The 1950s

The Festival of Britain on London’s South Bank brings Hillier acclaim, as the nursery’s ability to transform arid sites into landscaped parks is shown to perfection.

The Gardeners Royal Benevolent Institution opens a residential home for retired gardeners at Horton, Berkshire and an appeal for £20,000 appears in The Times.

Edward Stewart writes to his sisters from the Ford Hotel, Toronto to say he has seen the future and that it is called ‘garden centres’. He creates his first garden centre within adapted sheds at Ferndown in 1955, the forerunner of Garden-Lands at Christchurch.

Harold Hillier moves his family from Winchester to Jermyns House in the village of Braishfield, two miles north east of Romsey where he sets about creating an arboretum.

Lawrence Hills, a journalist and keen organic grower, rents a smallholding in Essex, to experiment with comfrey before creating the ‘Henry Doubleday Research Association’ – now called Garden Organic.

Pershore College is founded to train horticultural workers in the Vale of Evesham.

The Glasshouse Crops Research Institute is established at Littlehampton, West Sussex, with a research remit covering glasshouse crops, mushrooms, nursery stock and bulbs. It succeeds the Experimental and Research Station at Cheshunt and also takes over the work of the Mushroom Growers’ Association Research Station at Yaxley, near Peterborough.

Michael Cooling joins his father Arthur to form the partnership trading as Coolings Nurseries. The first garden centre trading commenced in the same year with the sale of fertilisers, insecticides, peat and compost.

Percy Thrower presents Gardening Club, the first regular television programme devoted to gardening.

Notcutt’s small town centre shop is outgrown and a custom built garden centre is constructed on the nursery at Woodbridge in Ipswich – one of the first such centres in the country.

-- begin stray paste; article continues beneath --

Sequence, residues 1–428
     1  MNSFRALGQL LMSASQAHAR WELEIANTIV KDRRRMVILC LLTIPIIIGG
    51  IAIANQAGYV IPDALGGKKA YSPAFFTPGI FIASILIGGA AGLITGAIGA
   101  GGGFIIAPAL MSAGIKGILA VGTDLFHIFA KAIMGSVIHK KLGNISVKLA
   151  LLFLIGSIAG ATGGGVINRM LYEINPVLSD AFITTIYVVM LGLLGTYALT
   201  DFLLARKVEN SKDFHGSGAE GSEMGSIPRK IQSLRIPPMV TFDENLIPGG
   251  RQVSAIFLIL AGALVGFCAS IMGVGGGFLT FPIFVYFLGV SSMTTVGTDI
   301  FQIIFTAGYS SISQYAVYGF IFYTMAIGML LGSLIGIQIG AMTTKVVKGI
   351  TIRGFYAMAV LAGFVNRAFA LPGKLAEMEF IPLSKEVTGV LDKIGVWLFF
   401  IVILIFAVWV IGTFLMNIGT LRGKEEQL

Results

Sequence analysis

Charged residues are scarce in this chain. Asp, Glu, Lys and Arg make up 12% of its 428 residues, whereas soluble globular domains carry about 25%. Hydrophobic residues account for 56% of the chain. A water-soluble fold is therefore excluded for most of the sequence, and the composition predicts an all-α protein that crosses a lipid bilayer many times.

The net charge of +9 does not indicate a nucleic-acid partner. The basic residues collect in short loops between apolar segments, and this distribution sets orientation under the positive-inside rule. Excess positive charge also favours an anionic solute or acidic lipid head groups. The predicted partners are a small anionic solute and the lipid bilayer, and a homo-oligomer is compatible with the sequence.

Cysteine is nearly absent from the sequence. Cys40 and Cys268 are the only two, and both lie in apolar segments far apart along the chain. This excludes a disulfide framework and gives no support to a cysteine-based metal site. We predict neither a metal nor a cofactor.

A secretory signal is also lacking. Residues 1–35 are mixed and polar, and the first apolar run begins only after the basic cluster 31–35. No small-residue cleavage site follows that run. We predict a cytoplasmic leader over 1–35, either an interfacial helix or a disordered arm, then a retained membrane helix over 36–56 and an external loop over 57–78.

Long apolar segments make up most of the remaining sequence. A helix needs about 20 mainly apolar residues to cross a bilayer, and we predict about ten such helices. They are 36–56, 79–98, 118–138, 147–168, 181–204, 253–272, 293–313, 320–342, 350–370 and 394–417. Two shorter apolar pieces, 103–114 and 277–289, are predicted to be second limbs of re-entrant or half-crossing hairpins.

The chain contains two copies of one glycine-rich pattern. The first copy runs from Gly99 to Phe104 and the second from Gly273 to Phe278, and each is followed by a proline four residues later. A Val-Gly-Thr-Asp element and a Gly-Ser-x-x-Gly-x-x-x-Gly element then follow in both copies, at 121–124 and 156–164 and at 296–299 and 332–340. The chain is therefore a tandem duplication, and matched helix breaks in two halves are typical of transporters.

Sir Geoffrey Jellicoe is commissioned by the third Viscount Astor to design a new rose garden at Cliveden in Buckinghamshire. Inspired by the abstract painter Paul Klee, Jellicoe’s garden uses swathes of colour, drawing the visitor to the centre as they are enveloped by each bed.

Have you registered with us yet?

Register now to enjoy more articles and free email bulletins

Sign up now
Already registered?
Sign in

Before commenting please read our rules for commenting on articles.

If you see a comment you find offensive, you can flag it as inappropriate. In the top right-hand corner of an individual comment, you will see 'flag as inappropriate'. Clicking this prompts us to review the comment. For further information see our rules for commenting on articles.

comments powered by Disqus
Follow us on:
  • Facebook
  • LinkedIn
  • Twitter
  • Google +
Horticulture Jobs
More Horticulture Jobs

Are you a landscape supplier?

Horticulture Week Landscape Project Leads

If so, you should be receiving our new service for Horticulture Week subscribers delivering landscape project leads from live, approved, planning applications across the UK.